Good news! If you’ve been looking for a PG-rated Moulin Rouge, I have the perfect film for you!
The Greatest Showman (aka Hugh Jackman’s Baz Luhrmann-wannabe pet project) is an original musical centered around the life of P.T. Barnum and origin of the Barnum & Bailey Circus. Well, kind of. There’s A LOT of fictionalization. Here, Barnum is a rags-to-riches man who dreams of bettering the world for his family and the “curiosities” of his circus who have been outcasts all their lives. It’s definitely more entertaining than the truth, which is that Barnum exploited his performers, allowed animals to be abused, and straight-up owned a slave whom he later displayed in a public autopsy. But, hey, look…I get it. It’s supposed to be a family-friendly musical escape. Fantasy-life curiosities are better than real-life monstrosities.
Featuring songs by Benj Pasek and Justin Paul (of Broadway’s Dear Evan Hansen and 2016’s La La Land), The Greatest Showman’s soundtrack is full of big ensemble, pop-styled showtunes you just want to belt in your car—or listen to over and over again before you even see the movie, which I definitely did not do (I did). Are the songs cheesy? Um, yeah, there’s a song called “Tightrope” that’s about how hard it is to be married to a circus man. Will I still listen despite that? You bet your sweet ass I will. Also, “This Is Me,” the movie’s unofficial anthem sung by The Bearded Lady (played by Tony-winning actress Keala Settle) already won the Golden Globe for Best Original Song and will most likely take home the Oscar this year, too.
Speaking of the music, my biggest gripe about The Greatest Showman is its sound editing and mixing. Somebody royally screwed up. The lyrics to these insanely catchy songs are barely audible because the instrumental scores and background noises from the scenes drown them out. “It’s not that big of a deal,” you say. Sure, no, you’re right. It’s just the huge moments the story banks on because it’s a musical (Get your head out of your ass). Honestly, the only song where I could decipher the lyrics was “Never Enough” because it was a quieter opera scene. The rest of the music? I caught every fifth word and the first line of the chorus before the beat dropped. Like I said, if there’s one thing you shouldn’t mess up in a musical film, it’s the music.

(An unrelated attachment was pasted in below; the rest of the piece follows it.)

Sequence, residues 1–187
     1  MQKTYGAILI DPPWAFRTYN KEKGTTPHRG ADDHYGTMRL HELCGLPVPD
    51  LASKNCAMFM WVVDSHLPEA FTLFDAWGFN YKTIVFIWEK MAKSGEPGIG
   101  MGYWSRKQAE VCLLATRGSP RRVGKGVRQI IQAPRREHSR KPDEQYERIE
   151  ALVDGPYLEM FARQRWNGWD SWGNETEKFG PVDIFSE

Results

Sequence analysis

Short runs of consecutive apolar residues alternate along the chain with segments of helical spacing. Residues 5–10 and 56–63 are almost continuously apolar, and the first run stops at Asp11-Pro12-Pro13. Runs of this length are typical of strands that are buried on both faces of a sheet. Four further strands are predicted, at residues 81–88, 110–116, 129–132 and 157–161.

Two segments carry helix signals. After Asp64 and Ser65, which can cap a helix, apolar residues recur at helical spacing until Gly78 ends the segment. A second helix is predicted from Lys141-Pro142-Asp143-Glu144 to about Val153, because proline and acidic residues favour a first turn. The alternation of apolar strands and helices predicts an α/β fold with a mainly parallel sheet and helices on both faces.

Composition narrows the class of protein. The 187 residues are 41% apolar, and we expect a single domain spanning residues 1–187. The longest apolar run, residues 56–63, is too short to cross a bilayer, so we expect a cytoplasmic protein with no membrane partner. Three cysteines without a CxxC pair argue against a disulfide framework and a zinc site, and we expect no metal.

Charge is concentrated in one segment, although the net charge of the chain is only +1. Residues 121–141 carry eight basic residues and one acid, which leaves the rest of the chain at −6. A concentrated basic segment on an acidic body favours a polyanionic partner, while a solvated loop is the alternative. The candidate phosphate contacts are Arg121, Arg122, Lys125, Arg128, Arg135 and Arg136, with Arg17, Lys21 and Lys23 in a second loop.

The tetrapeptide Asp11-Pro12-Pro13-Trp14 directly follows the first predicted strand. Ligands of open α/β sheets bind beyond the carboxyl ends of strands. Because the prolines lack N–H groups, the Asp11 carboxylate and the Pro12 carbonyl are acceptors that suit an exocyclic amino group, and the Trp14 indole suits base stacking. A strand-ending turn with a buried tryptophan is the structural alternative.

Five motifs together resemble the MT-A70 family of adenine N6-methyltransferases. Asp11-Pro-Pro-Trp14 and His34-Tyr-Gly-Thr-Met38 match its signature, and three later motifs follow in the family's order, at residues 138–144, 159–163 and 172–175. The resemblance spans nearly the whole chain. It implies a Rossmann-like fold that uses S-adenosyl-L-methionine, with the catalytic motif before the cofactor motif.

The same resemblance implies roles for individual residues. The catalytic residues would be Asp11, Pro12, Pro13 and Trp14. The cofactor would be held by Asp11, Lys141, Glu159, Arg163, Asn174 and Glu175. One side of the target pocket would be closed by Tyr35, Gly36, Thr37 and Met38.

Another area where The Greatest Showman falls short? Its story about Barnum and his (dumb) dreams. The trailer makes it seem like the story is about Barnum creating a haven for society’s outcasts. Even young Barnum’s song (“A Million Dreams”) at the beginning of the movie suggests he and his future wife Charity (Michelle Williams) want to make the world a better place. Then, about halfway through after you’ve been beaten over the head with talk of “dreams,” you realize Barnum’s dream is nothing more than climbing the wealth and social ladder. Not that I think the movie couldn’t tackle this idea. It could, but probably not within its family-friendly confines. After all, that story would be more in line with the true Barnum.
It just seems sort of off-putting that The Greatest Showman sells this whole “Savior of the Downtrodden” concept when Barnum does absolutely nothing to help anyone but himself. Had it been rewritten to focus on the Bearded Lady, rather than Barnum, it would’ve been much better. The film could’ve told her story about growing up “otherized” by society and her own mother, then shown her finding a home, a family, and an identity with Barnum’s circus. Plus, she already has the best song of the whole movie. Even focusing on the film’s star-crossed lovers—Phillip Carlyle (Zac Efron), a white man from New York high society, and Anne Wheeler (Zendaya), a black woman who performs in the circus—would’ve been better. There, you’d have all kinds of storytelling opportunities with classism, racism, escapism, etc.
These issues aside, The Greatest Showman is still an enjoyable movie. It’s easy to lose yourself in the feel-good smarminess, especially by the closing number, where everything comes to a song-and-dance close without anyone dying, being lonely, or feeling sad (Literally, the most tension in this movie is a fire). In truth, all of the musical numbers are pretty great. If I had to choose a favorite, probably the sexless sex scene via trapeze choreography that is “Rewrite the Stars.” It’s mesmerizing (and it’s Zendaya, so I’m all in). Now…who wants to take bets on how long before The Greatest Showman is adapted for Broadway? I’m going under five years.
The Greatest Showman: C+
Listen to my review of The Greatest Showman on “Pat & JT in the Morning” here (at 17:16).